Edgar Snow. [University of Missouri–Kansas City Special Collections, KC.19.2.9-11-00002]

Edgar Snow grew up in Kansas City, Missouri, where he was born on July 17, 1905. After a year at Kansas City Junior College he moved to New York in 1924 to begin a new career in advertising with the Medley Scovil Company. He attended the University of Missouri Journalism School in 1925–1926 to enhance his credentials for his advertising work. Late in 1927, frustrated with advertising, he decided to take a year to work his way around the world and test his ability to market whatever writing he might produce.

In February 1928 Snow sailed for the South Seas as a deckhand on board the SS Radnor. The Radnor’s engine broke down, stranding him not too unhappily in Hawaii, where he wrote his first salable article. Low on funds and unaware of his sale, he stowed away on a Japanese ship to Yokohama. An account of that venture, published after he hurriedly left Japan for Shanghai, China, became his second success.

In Shanghai, Snow walked into a job as assistant advertising manager for the China Weekly Review, which became the key to his future career. J. B. Powell, the Review’s editor and owner, and Thomas Fairfax Millard, its previous owner, both alumni of the University of Missouri School of Journalism, became Snow’s mentors through the extraordinary political events then unfolding in China. His intended stay of a few weeks turned into a demanding, but productive, thirteen years with one significant interruption: ten months from September 1930 to July 1931, when he resumed his round-the-world journey only to decide after reaching India to return to China and write a book about an adventurous caravan journey from Kunming into Burma.

The Japanese changed Snow’s writing plans in September 1931 by invading Manchuria. His account of the invasion preempted the story of his caravan journey. His first book became Far Eastern Front. Snow sold his first article about the invasion to the Saturday Evening Post just before his book came out. For the next twenty years the Post became a cornerstone of his career, providing him with a large and diverse American readership.

Snow married Helen Foster, an American journalist working in China, on December 25, 1932. Settled in Beijing, the couple collaborated on a collection of contemporary Chinese writing, Living China, featuring the modern master Lu Xun. In June 1936 Snow finally realized a long-sought opportunity to visit the then-obscure Chinese Communist forces. Red Star over China, the story of his discovery, has since become a journalistic classic that is still in print. Before returning to the United States in early 1941, he completed a sequel to Red Star; called Battle for Asia, it challenged his American audience to square its stand on colonialism in Asia with its own democratic traditions before entering an increasingly inevitable war with Japan.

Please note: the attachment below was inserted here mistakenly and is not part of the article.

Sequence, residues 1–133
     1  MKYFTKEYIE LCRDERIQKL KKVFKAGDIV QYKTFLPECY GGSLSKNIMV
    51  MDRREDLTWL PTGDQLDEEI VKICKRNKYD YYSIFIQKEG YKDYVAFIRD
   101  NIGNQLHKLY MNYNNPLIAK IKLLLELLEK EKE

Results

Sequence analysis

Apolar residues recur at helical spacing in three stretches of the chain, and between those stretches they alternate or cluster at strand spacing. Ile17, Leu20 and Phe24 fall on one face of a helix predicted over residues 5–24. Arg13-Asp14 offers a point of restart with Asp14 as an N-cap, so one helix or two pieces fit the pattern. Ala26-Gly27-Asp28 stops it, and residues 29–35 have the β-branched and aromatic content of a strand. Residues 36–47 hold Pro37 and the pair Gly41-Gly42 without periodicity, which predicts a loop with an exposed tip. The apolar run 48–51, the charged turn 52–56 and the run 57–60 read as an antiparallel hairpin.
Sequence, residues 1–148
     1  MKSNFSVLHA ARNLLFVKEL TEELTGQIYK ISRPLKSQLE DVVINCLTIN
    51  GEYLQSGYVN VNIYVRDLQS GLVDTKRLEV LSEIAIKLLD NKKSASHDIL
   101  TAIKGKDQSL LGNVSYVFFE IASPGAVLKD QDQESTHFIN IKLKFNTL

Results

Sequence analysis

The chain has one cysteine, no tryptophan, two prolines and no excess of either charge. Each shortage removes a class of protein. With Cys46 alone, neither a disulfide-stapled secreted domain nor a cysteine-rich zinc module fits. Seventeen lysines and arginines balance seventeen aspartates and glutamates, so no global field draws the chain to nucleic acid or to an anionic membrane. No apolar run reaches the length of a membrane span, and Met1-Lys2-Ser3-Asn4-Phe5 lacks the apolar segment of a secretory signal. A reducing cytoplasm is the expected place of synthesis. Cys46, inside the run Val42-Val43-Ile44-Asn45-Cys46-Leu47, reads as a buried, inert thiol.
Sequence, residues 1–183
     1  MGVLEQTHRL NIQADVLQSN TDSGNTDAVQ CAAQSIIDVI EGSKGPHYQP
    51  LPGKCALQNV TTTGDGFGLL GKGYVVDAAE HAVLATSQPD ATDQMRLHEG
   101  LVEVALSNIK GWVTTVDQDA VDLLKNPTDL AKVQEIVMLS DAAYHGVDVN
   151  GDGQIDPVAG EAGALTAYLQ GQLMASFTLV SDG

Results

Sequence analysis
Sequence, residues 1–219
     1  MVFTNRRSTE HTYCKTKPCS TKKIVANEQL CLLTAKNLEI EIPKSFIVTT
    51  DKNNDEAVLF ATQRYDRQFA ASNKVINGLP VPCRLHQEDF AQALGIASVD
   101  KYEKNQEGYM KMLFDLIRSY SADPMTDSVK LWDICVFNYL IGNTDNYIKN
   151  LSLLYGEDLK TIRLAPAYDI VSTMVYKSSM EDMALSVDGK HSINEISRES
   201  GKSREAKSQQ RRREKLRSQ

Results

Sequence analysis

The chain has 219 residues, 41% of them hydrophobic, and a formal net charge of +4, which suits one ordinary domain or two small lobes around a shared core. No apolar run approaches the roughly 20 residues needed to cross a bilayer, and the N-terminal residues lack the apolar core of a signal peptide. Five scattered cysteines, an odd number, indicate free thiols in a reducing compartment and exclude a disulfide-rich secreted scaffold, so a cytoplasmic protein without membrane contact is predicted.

After Pearl Harbor, Snow became the Saturday Evening Post’s first foreign correspondent. He twice visited Russia for extended periods and published People on Our Side (1944), The Pattern of Soviet Power (1945), and Stalin Must Have Peace (1947).

In 1949 his first marriage ended in divorce, and he began a second with American actress Lois Wheeler. The marriage to Wheeler lasted the rest of his life, and he became the father of two children, Xian and Christopher.

American Cold War policy left Snow professionally frustrated and sidelined. In 1951 he resigned as associate editor of the Saturday Evening Post. He reluctantly tried to revive public interest in his views with his autobiography, Journey to the Beginning (1958). In 1959 he and his family moved to Switzerland. In 1960, overcoming significant Cold War barriers, he became the first American journalist to enter Communist China. The Other Side of the River reminded the world of his long-empathetic, but objective, experience with the Communist movement in China.

Snow returned to China again in 1964 and 1970. His interviews with Mao Zedong, Zhou Enlai, and other Communist leaders made him a significant liaison between two politically disparate worlds. By 1970 the United States had already begun the long and delicate process of establishing diplomatic relations with the People’s Republic. Mao used Snow’s visit to send messages to America, only some of which were accurately read.

Snow’s health worsened after his last China trip. He died of pancreatic cancer on February 15, 1972, just three days before Nixon flew to Beijing to meet with Mao for the summit that reestablished the Sino-American relationship. The Kansas City Star editorialized, “Edgar Snow had at last become a prophet of great honor in his own country.” The New York Times described his predictions on Japanese aggression leading to world war in the 1930s, on the decolonization that followed, and on the Chinese Communist revolution as “prescient.” Lois Wheeler Snow published his uncompleted final manuscript, The Long Revolution, with editorial help.

Further Reading

Farnsworth, Robert M. From Vagabond to Journalist: Edgar Snow in Asia 1928–1941. Columbia: University of Missouri Press, 1996.

Farnsworth, Robert M., ed. Edgar Snow’s Journey South of the Clouds. Columbia: University of Missouri Press, 1991.

Hamilton, John Maxwell. Edgar Snow. Bloomington: Indiana University Press, 1988.

Thomas, S. Bernard. Season of High Adventure: Edgar Snow in China. Berkeley: University of California Press, 1996.

Snow, Edgar. Journey to the Beginning. New York: Random House, 1958.

———. Red Star over China. New York: Grove Press, 1968. First published in 1937.

Snow, Lois Wheeler. A Death with Dignity. New York: Random House, 1974.

Published July 6, 2022

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